I’ve also attended the RSA Conference in San Francisco in prior years. RSA is the largest of the three conferences (measured by attendees), though comparisons are becoming more difficult with the hybrid nature of most conferences.
Since few people have the time and budget to attend all of these conferences, here are my thoughts on selecting the best event of these three for your needs.
- Attend RSA if you’re primarily focused on compliance, regulatory measures, and the business side of security. Additionally, RSA has the largest vendor area, so it would be my pick if you want to explore the various offerings.
- Attend Black Hat if you’re primarily focused on the technical side of security and want to learn more about new technologies.
- Attend DEF CON if you want hands-on experience and the chance to test your skills against some of the best in the business (it’s not called “hacker summer camp” for nothing).
In summary, I think these conferences can be valuable, but your best return on investment will come with a specific plan and objectives. All three events are large enough that it’s simply not possible to see and do everything. For me, my most significant return was seeing the new technologies and direction from the vendors at Black Hat and learning about the techniques our adversaries are using at DEF CON.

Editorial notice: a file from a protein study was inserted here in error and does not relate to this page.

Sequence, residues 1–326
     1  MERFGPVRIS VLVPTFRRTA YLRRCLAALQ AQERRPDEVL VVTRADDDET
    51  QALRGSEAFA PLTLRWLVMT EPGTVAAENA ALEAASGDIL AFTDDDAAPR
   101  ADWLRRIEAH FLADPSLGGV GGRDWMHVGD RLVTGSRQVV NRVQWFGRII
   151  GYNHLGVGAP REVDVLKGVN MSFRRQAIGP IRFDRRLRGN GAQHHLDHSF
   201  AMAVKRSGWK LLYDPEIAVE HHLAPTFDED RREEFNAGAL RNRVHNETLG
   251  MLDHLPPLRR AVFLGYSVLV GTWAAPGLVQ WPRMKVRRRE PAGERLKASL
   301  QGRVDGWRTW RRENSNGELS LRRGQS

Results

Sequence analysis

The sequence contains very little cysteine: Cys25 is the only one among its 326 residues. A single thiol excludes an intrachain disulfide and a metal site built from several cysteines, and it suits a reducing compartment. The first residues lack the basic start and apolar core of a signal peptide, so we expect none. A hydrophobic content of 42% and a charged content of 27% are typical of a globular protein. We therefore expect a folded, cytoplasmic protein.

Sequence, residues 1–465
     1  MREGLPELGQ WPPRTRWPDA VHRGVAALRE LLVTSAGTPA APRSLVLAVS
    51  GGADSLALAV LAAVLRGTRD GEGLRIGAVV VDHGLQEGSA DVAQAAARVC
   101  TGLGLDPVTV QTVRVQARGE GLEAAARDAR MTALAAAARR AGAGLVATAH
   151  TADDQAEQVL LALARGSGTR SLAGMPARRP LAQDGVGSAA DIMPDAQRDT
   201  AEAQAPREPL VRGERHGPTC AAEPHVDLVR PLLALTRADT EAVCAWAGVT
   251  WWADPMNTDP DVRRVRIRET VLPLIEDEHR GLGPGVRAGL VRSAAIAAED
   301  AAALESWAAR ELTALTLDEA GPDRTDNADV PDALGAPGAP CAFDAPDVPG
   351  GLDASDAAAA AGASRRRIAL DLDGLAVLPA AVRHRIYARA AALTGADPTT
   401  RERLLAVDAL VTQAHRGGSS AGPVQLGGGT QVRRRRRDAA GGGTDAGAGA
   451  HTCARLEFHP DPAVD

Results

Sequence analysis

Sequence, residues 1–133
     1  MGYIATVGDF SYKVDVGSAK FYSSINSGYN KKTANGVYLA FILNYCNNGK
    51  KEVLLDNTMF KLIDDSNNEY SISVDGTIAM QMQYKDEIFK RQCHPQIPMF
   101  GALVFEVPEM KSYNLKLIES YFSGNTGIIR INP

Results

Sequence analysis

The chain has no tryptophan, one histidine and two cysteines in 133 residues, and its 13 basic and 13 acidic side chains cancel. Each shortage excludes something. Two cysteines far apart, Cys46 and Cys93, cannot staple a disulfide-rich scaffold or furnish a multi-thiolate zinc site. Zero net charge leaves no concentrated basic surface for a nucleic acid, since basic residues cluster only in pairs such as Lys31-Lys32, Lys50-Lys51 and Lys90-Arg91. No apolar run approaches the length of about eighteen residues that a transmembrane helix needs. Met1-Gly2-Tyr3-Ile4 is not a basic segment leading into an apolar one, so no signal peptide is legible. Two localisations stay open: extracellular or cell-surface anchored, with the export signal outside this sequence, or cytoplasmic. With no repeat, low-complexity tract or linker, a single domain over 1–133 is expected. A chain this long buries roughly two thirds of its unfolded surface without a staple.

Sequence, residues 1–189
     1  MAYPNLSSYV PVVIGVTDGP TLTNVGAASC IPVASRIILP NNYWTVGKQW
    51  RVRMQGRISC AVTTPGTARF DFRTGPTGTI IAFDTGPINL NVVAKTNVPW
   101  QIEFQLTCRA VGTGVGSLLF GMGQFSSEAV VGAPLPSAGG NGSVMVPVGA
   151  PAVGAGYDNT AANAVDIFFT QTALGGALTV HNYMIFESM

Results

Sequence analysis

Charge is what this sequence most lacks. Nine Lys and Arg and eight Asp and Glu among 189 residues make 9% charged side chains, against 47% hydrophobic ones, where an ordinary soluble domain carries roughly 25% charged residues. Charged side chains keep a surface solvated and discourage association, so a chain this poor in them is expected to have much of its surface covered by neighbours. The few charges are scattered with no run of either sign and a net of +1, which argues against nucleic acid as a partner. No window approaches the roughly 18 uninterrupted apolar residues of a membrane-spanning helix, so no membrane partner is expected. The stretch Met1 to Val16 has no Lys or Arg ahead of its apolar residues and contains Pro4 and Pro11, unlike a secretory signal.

I started this post with a Charles Dickens quote because, in one week, I got to see the best and the worst parts of the security landscape, the light and the darkness (along with some foolishness and wisdom). If you’ve enjoyed my Tale of Two Conventions, let’s connect on LinkedIn to discuss it further.